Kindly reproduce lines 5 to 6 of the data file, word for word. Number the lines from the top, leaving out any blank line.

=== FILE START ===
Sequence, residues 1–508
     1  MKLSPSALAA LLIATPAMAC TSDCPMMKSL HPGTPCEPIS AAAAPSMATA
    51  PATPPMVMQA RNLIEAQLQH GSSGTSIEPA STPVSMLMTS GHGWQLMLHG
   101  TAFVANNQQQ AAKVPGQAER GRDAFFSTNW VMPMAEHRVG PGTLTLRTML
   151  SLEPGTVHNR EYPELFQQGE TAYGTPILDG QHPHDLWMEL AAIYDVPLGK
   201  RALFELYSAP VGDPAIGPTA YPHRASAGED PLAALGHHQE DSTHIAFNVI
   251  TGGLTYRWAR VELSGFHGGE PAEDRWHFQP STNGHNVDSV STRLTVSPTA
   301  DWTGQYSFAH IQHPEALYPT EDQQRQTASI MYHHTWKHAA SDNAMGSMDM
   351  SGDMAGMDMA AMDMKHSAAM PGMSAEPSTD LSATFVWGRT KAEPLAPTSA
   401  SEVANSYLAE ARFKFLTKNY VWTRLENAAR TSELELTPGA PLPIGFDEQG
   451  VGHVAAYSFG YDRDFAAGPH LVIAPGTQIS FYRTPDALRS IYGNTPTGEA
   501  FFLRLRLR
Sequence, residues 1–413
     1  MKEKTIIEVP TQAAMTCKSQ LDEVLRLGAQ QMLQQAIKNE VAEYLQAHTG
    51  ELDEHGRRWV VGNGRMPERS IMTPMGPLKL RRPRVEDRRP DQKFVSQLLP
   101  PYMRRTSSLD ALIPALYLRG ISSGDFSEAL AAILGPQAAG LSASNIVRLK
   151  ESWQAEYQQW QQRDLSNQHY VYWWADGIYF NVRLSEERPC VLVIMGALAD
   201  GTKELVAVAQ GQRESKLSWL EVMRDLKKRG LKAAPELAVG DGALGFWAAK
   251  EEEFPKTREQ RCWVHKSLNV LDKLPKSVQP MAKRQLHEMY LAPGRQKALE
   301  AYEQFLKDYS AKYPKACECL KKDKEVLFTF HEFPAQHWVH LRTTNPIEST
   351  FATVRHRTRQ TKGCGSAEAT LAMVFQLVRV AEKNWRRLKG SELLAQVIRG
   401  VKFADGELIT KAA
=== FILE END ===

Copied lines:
   151  SLEPGTVHNR EYPELFQQGE TAYGTPILDG QHPHDLWMEL AAIYDVPLGK
   201  RALFELYSAP VGDPAIGPTA YPHRASAGED PLAALGHHQE DSTHIAFNVI